S. Sudan Rejects Proposal to Scrap Vice-President Post

A PANDORA BOX? IGAD Mediation is like going one step forward and two steps back. The question of maintaining or abolishing the VP post is the latest controversy. IGAD only allow PM post for rebels but VP has more power than the PM. Again the PM has no right to run for Presidential election. Abolishing VP post is like amending the constitution and surely the Bantus (Equatorians) won't accept that either.
CONFUSION CONTINUES.  The IGAD led mediation is like going one step forward and two steps back. The question of maintaining or abolishing the VP post is the latest controversy among South Sudan warring parties. IGAD mediation only allows PM position for the rebels while the constitution places VP above the PM. Again, IGAD says the PM cannot run for President. Technically, IGAD made its own proposed medicine less attractive and now the rebels are eying the most controversial post – the VP post. Back to Square one? (Photo: Head of the rebel delegation, Taban Deng Gai, (L) and leader of the government’s delegation Nhial Deng Nhial)

By Sudan Tribune,

THE South Sudanese government said it would not yield to its armed opposition demands to have the vice-president’s position scrapped off and replaced with a prime minister.

Cabinet affairs minister, Martin Elia Lomuro said such a proposal was never tabled before government and mediators of the peace talks.

“The government delegation did not receive such proposal from IGAD. We only read it from the media reports attributing statements carrying such suggestions to the rebels, and I don’t I understand the basis of the proposal,” Lomuro said on Tuesday.

According to the minister, the Intergovernmental Authority on Development (IGAD) ‘Protocol of Agreed Principles‘ was the basis of negotiations and places the Vice-President (VP) above the Prime Minister (PM).

“The IGAD protocol of agreed principles is the guiding document on the negotiation. It recognizes the system of governance in the republic of South Sudan as a presidential system. In the transitional constitution, the position of vice president is still there,” he stressed.

The prime minister’s post was a creation of IGAD, which the government willingly embraced for the sake of peace,” Lomoru said.

The deputy speaker of the country’s national assembly, Mark Nyipuoc said citizens of South Sudan will have to decide on any proposal that calls for the demotion of the country’s vice president.

“This is a not subject of discussion. It is actually a red line issue and you in the media must stop asking this divisive question. Our people cannot afford further division and the house cannot accept to amend the constitution without seeking the consent of the people of South Sudan”, Nyipuoc exclusively told Sudan Tribune on Tuesday.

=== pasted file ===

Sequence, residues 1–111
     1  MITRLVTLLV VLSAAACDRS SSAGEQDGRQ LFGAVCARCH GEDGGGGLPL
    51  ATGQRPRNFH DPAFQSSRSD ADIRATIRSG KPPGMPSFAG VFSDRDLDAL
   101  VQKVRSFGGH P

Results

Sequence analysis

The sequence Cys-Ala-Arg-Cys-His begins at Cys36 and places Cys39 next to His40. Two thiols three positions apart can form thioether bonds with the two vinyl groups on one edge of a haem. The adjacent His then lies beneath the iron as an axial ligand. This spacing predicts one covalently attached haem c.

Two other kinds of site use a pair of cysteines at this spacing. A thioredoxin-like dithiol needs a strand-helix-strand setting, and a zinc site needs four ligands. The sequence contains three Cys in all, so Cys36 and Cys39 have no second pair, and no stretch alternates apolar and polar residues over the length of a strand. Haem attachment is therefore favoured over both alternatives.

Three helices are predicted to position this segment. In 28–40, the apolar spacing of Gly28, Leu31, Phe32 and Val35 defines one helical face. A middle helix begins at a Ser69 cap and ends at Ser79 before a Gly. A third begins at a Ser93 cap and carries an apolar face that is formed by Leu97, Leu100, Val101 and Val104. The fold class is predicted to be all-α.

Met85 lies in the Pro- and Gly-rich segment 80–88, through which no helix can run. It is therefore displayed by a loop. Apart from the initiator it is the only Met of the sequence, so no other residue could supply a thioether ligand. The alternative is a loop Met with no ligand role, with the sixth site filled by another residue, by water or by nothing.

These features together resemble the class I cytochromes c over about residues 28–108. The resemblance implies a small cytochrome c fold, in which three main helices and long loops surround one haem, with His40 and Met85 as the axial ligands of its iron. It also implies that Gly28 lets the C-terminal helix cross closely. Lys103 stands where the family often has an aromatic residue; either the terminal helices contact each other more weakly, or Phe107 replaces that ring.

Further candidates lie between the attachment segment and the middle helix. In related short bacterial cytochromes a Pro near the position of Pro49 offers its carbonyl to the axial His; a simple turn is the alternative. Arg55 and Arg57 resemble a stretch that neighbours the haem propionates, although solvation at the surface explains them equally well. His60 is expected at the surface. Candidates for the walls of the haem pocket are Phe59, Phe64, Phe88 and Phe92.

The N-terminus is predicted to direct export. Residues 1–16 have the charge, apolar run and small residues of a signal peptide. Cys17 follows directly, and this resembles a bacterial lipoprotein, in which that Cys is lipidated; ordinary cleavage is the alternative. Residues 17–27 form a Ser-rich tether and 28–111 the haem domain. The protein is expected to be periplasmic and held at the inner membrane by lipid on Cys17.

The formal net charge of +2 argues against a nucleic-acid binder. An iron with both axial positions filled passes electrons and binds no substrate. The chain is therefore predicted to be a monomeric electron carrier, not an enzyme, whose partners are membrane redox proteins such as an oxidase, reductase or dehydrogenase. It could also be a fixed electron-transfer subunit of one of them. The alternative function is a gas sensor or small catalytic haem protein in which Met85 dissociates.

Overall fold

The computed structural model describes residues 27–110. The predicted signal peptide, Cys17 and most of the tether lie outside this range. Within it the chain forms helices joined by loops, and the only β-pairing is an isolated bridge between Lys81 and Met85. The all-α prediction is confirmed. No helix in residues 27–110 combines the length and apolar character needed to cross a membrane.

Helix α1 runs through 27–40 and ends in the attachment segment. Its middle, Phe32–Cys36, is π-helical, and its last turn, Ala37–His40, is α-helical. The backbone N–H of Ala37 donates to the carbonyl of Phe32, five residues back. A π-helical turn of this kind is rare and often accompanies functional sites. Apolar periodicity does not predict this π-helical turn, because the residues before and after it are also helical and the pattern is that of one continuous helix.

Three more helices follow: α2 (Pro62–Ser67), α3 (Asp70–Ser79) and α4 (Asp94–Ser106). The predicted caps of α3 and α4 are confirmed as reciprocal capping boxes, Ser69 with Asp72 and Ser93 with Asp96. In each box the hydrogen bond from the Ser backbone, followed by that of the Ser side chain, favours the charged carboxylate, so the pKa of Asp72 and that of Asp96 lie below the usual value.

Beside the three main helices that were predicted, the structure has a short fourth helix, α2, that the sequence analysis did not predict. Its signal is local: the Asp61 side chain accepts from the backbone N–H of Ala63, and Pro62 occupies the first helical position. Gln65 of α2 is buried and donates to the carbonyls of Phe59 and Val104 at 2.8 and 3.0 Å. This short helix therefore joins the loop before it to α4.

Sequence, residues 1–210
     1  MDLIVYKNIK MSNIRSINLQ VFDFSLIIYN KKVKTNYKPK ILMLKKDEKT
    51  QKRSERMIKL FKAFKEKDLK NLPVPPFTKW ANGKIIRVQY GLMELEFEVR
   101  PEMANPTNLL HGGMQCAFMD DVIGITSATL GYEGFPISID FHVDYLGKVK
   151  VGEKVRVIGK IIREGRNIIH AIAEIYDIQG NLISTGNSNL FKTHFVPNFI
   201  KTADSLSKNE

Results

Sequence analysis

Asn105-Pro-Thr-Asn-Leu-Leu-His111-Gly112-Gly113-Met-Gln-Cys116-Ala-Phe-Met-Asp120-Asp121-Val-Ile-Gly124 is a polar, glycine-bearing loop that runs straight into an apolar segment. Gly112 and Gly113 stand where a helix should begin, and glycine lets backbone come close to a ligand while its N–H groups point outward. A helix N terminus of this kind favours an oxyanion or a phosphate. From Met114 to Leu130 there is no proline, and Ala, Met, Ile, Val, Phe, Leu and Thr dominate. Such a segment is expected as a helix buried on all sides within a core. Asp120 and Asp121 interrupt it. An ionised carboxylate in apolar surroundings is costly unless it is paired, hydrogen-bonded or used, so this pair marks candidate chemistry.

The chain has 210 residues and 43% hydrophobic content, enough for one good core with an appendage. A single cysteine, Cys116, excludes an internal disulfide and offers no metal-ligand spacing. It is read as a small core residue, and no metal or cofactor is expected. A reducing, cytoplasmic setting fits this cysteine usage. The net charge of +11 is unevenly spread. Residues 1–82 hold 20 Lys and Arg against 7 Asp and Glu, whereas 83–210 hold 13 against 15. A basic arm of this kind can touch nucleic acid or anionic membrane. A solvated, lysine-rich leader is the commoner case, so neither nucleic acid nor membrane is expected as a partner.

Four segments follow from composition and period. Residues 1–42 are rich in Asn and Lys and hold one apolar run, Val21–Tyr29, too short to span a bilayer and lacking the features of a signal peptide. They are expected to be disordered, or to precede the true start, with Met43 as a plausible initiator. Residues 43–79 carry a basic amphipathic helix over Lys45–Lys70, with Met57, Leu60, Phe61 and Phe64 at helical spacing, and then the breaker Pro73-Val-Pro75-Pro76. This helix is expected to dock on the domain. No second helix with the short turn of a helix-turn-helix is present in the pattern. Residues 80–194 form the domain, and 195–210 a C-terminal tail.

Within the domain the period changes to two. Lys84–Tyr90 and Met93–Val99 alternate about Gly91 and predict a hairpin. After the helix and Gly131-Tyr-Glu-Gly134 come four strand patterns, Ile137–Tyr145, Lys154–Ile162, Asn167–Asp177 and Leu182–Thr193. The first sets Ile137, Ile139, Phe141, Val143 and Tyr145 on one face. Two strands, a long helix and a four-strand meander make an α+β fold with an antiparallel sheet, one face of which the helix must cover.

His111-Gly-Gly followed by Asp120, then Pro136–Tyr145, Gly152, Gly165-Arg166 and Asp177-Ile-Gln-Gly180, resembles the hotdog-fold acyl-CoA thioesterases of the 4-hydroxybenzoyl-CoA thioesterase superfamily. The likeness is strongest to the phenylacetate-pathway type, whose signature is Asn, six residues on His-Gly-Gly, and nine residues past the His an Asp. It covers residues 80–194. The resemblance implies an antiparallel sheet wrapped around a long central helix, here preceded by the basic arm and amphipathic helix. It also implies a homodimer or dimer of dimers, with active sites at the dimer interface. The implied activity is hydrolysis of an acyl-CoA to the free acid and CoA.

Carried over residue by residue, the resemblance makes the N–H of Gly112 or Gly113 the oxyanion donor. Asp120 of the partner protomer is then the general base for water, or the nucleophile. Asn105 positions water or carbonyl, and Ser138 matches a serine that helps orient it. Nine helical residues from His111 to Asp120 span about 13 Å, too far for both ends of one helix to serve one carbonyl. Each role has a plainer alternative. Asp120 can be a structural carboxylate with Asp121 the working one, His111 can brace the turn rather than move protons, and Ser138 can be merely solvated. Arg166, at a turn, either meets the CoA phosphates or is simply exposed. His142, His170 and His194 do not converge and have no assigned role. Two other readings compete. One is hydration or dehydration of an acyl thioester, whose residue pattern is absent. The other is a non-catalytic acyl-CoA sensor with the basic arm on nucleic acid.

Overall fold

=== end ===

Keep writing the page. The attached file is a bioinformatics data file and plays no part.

In a statement issued Monday, the armed opposition lead negotiator, Taban Deng Gai said the proposed transitional period requires direct engagement of the two principals as it shall require trust and confidence between the president and the prime minister.

“The suggestion made by some quarters that removal of the vice president from the government structure smacks of marginalization of Equatorians (Bantus) by the Nilotics is incitingly absurd and does not augur well for peace, reconciliation and national healing in South Sudan,” said Gai in a statement extended to Sudan Tribune.

“We accepted in Arusha that the responsibility and the root cause of the conflict lies in the political failure of the SPLM and not in the ethnic and regional configuration of South Sudan. The conflict should not endure simply on account of certain individuals being affected by the changes occasioned by the implementation of the Peace Agreement. The CPA implementation [2005 – 2011] is a living example of changes in the government structure in the Sudan,” it added.


Meanwhile, South Sudan’s information minister, Michael Makuei Lueth said government would continue offering concessions in the interest of peace, but opposed IGAD’s suggestion that both the president and prime minister be allowed to appoint governors and ministers.

“In the world, there is nothing called joint appointment,” said minister Makuei.

“You appoint in consultations with; or with the consent of; somebody but there is no joint appointment because when you make joint appointment it means that the order of appointment must be signed by the two people. Government is not a company,” he added.

Thousands of people have been killed and about 1.8 million displaced since fighting broke out late last year, despite regional efforts to end the conflict through peace talks.

Last week, however, both warring parties agreed to 15-day ultimatum for formation of a transitional government of national unity seeking an end to the 11-month old conflict.